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Remove filtered spam from mail servers in Apps
I recently began receiving a lot of "stock alert" spam. The mail always started with "(OTCBB:", so I added a new rule in to delete any email that contained that string in the subject line. Since I was 100% positive I would never receive a valid email with that string in the subject, the only rule option I enabled was "Delete the message". This seemed to work perfectly, as the spam stopped immediately, and I had been getting a few every week.

Over the weekend, I was logged in to the host machine working on some stuff, and ran the command line "mail" program when I saw a "You have new mail in ..." message appear. Not only did I see the new message in the UNIX mail program, but I was somewhat surprised to also find three "(OTCBB:" messages sitting there.

These had apparently been filtered from my downloaded mail, as I had never seen them in, but they were still on the server. Their status in the "mail" program indicated that they had been read, so had acted on them. But they had never actually been deleted from the server, just from my local machine.

As an experiment, I sent myself a few "spam" email with various filter settings. After a few tries, I found that the solution was to also enable Transfer to mailbox and set Deleted Messages as the destination folder. This did the trick - a test email sent with the filtered subject never appeared in (oddly enough, not even in Deleted Messages!), but was successfully removed from the server.

So if you have some high-volume spam filters in place and have only enabled the "Delete the message" option within rules, you might want to take a look at your mail server to see if all spam messages have been cleared. An easy way to do this without using the command line is to simply disable your spam rules and download your mail again -- anything that was sitting on the server will be downloaded to your inbox.
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Procmail > Outgoing?
Authored by: bluehz on Apr 22, '02 03:36:20PM

Any of you procmail experts know if it is possible to use procmail on outgoing mail. I would like to use it for encryption purposes utilizing GPG. I did some research this week and could only find info on using procmail for outgoing mail.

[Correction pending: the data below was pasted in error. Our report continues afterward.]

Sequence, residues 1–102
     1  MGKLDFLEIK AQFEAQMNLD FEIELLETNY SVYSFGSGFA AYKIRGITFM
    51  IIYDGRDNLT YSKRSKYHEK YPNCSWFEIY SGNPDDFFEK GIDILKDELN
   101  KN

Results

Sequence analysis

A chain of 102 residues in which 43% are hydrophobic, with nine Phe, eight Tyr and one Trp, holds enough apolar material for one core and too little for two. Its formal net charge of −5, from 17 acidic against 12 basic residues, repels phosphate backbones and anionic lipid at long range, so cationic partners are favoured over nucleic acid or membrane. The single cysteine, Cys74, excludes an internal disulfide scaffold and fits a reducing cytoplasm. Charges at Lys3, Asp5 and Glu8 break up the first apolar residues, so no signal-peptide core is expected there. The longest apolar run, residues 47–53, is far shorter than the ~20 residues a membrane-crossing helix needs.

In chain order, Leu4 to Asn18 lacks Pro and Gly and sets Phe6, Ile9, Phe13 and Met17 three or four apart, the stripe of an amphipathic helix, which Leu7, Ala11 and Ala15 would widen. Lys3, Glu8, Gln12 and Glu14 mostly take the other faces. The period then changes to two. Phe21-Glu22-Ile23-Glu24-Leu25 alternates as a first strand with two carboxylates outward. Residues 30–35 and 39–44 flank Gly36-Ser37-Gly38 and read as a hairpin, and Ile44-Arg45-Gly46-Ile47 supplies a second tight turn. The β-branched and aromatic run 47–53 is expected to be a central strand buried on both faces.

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Procmail > Outgoing?
Authored by: el bid on Apr 22, '02 04:05:51PM

I believe it's not canonically correct to mess with an email once it's been passed on from the MUA (Mail User Agent), except possibly for some address munging in sendmail.

But it is possible. I did it for years on my NeXT machine. You need an MUA that sends via a local MTA (Mail Transport Agent) like sendmail, and you divert it instead to procmail, so you get MUA --> Procmail --> Sendmail.

I'm not sure that allows this. I think it contains its own MTA (never a very good idea)

el bid

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Procmail > Outgoing?
Authored by: bluehz on Apr 22, '02 05:01:47PM

Thx for the info - actually I use Eudora for OS X which strangely enough formats its mailboxes in standard UNIX format - thats what got me to thinking about it. I will do some probing and see what I come up with.

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Local Spam Filtering Doesn't Solve the Problem
Authored by: el bid on Apr 22, '02 03:58:14PM

Spam is a huge problem, and getting bigger. The culprits, IMHO (apart from the obvious ones) are ISPs who don't care enough to take steps to stop relaying all this stuff to you.